The issue of permeation is difficult to determine at this stage of the proceedings. Most courts have found impermissible permeation to exist if an arbitrator could not easily separate antitrust issues from other issues and could not easily decide the arbitrable issues without inquiry into the antitrust issues. The difficulty therefore is to ascertain the degree to which the antitrust issues permeate the contract issues and thus to determine the degree to which an arbitrator would struggle to sidestep the antitrust issues in deciding the contract claims. Applied Digital Tech., Inc. v. Continental Cas. Co., supra; Cobb v. Lewis, supra; Hunt v. Mobil Oil Corp., S.D.N.Y., 410 F. Supp. 10 (1975); aff'd., 2nd Cir., 550 F.2d 68 (1977), cert. den. 434 U.S. 984, 98 S. Ct. 608, 54 L. Ed. 2d 477. Julian argues that none of the issues critical to an arbitration proceeding sufficiently overlap the issues to be determined in the federal antitrust action and, to obtain relief before the Arbitrator, it needs only to show the failure of Raytheon Service to grant time extensions, the failure to make timely payments for work performed, and the unlawful termination of the Subcontract.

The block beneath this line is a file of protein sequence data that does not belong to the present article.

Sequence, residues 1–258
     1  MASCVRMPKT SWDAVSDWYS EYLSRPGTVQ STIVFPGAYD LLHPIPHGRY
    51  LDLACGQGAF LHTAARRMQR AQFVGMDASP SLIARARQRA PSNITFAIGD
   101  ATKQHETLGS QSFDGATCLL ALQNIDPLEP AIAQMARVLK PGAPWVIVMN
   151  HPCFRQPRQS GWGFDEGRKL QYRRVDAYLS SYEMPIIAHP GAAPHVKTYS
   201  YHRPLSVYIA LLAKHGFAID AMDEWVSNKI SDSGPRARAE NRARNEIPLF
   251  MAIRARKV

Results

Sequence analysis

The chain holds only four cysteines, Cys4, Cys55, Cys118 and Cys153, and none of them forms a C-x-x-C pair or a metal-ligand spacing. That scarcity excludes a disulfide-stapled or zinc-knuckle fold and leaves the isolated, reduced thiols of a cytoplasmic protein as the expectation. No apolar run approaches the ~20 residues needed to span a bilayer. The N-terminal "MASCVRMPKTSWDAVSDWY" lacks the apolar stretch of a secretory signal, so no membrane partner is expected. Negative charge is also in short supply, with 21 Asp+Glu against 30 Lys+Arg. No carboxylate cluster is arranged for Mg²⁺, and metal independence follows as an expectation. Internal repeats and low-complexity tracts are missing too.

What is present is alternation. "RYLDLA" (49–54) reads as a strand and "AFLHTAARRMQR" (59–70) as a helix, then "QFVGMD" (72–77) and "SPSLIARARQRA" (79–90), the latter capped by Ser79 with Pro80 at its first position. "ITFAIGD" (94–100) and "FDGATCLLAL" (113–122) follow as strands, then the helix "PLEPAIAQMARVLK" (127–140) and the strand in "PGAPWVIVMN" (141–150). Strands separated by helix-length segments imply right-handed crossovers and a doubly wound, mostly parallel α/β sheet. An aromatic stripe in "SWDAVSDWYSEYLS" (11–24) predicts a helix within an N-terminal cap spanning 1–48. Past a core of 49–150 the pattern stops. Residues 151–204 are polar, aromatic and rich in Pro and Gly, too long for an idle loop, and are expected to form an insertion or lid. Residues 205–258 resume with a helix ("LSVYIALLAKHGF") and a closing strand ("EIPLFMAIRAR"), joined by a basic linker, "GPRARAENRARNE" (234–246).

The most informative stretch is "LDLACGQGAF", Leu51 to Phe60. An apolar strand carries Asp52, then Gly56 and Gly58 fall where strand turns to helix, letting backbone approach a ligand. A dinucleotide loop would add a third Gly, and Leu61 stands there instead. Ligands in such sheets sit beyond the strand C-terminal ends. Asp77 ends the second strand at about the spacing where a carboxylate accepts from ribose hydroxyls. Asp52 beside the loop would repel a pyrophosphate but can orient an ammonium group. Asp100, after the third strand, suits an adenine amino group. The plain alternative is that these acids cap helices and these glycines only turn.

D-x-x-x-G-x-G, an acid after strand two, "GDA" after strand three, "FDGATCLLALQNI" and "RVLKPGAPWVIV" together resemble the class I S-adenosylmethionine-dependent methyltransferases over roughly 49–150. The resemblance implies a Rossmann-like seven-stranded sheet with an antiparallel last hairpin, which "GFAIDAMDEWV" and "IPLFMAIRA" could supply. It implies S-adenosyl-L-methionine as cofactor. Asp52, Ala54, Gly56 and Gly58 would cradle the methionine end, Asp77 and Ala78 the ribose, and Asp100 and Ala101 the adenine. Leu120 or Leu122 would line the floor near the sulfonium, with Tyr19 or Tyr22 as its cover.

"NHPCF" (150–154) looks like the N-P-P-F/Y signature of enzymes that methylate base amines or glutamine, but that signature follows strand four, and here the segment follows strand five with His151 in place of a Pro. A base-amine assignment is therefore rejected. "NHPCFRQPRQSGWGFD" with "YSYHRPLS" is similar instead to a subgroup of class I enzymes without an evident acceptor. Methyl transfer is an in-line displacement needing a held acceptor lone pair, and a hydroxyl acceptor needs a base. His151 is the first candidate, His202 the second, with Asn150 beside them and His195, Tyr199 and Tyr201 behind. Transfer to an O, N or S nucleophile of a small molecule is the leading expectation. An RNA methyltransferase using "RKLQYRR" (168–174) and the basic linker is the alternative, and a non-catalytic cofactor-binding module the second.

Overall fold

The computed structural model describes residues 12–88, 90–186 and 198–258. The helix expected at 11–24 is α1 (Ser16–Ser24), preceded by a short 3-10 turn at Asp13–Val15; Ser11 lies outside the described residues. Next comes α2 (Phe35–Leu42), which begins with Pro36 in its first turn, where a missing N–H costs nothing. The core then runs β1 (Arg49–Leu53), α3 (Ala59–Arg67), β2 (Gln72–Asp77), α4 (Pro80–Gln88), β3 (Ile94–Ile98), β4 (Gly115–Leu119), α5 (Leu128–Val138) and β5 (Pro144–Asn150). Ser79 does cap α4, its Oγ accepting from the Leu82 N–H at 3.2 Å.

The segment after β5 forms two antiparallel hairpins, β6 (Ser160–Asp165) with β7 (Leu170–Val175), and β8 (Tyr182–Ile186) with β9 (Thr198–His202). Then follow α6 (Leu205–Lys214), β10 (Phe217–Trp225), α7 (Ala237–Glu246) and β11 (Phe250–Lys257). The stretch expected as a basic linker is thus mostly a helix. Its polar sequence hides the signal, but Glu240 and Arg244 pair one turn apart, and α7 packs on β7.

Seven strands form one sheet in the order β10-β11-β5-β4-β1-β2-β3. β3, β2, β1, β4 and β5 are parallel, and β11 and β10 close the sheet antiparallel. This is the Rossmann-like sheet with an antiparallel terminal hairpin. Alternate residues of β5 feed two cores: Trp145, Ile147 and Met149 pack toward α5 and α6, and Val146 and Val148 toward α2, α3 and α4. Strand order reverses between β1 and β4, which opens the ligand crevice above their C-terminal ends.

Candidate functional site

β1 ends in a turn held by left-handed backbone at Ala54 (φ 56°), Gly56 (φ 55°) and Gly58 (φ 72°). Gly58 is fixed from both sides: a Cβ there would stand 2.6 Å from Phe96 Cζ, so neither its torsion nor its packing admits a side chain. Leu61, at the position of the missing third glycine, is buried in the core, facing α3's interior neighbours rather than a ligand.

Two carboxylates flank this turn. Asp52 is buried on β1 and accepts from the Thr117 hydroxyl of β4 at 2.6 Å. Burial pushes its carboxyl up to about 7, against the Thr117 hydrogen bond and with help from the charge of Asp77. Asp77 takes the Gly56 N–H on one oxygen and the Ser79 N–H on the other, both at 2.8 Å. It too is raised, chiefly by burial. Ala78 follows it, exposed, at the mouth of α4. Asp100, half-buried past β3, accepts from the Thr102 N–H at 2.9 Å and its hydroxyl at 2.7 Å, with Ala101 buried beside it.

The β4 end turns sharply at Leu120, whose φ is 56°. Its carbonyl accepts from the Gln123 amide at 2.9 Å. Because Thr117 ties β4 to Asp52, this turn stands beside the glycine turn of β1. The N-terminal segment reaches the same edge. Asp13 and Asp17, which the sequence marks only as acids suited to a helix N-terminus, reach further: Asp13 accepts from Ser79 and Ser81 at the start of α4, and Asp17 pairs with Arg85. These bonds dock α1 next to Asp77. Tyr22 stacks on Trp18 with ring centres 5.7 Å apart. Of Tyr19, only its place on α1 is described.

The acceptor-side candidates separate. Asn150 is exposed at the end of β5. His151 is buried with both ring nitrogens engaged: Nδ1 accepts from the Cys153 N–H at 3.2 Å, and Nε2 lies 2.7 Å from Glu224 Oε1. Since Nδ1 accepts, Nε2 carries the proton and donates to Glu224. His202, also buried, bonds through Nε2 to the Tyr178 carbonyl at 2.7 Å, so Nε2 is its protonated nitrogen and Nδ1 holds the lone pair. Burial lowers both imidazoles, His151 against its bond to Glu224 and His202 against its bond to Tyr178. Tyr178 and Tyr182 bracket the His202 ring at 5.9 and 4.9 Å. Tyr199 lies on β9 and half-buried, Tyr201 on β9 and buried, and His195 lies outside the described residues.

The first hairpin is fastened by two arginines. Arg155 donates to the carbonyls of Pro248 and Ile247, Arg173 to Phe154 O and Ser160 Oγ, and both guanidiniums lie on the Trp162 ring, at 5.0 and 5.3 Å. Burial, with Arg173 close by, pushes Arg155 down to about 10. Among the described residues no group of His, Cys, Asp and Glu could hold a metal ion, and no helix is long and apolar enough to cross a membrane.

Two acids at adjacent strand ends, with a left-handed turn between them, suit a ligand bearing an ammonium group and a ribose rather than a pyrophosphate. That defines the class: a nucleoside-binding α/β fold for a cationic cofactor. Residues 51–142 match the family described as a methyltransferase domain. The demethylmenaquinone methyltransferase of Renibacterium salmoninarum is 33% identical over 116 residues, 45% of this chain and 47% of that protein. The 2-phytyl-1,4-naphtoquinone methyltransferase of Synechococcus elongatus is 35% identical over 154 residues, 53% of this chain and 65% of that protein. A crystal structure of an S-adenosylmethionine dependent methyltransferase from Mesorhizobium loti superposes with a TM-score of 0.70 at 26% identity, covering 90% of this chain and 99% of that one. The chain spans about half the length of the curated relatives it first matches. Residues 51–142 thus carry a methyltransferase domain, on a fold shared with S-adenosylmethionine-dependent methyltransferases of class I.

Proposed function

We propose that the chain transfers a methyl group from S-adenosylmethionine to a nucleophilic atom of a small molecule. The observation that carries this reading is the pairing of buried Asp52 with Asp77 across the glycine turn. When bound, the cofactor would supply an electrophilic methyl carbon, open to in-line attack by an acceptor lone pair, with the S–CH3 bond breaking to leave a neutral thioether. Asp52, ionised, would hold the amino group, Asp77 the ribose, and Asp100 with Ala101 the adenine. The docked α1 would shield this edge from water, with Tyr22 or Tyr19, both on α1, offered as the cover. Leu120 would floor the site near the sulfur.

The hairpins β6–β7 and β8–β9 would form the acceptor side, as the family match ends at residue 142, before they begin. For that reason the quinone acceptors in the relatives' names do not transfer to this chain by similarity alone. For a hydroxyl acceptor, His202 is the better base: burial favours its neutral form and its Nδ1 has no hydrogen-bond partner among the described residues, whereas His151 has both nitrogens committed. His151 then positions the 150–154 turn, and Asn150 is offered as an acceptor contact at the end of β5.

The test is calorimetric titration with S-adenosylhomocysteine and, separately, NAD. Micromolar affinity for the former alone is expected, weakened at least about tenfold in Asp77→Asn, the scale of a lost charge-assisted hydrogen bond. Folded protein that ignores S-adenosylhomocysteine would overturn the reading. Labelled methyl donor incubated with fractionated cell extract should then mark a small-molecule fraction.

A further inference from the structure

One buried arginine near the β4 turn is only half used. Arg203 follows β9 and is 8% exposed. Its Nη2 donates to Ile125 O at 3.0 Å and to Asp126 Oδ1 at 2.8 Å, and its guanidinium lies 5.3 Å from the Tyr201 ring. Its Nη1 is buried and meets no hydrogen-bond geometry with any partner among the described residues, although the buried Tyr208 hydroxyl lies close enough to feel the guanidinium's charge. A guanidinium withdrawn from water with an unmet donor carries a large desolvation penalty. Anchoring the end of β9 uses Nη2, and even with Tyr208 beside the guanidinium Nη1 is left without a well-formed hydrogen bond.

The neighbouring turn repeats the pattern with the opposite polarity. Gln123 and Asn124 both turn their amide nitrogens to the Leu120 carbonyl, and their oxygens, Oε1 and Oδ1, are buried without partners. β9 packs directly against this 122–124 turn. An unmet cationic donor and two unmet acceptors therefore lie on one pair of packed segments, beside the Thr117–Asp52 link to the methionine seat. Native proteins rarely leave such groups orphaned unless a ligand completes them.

Although it might be theoretically possible for an arbitrator to merely review the Subcontract and determine if it had been breached without delving into the antitrust issues, I find it unlikely that he could consider all the issues likely to be raised — especially those raised by Raytheon Service — at the Arbitration Hearing without necessarily *669 inquiring into matters also material to the antitrust claims. The arbitrator would likely inquire into Raytheon Service's motives, knowledge and intent in refusing the time extensions and the withholding of payments, all of which issues are intertwined with the issues in the antitrust claim. Public policy favors arbitration of contract disputes but that policy must yield where it would be difficult, "in light of the parties' contentions for the arbitrators to avoid wandering into the thicket of complex antitrust issues." Hunt v. Mobile Oil Corp., supra at 26.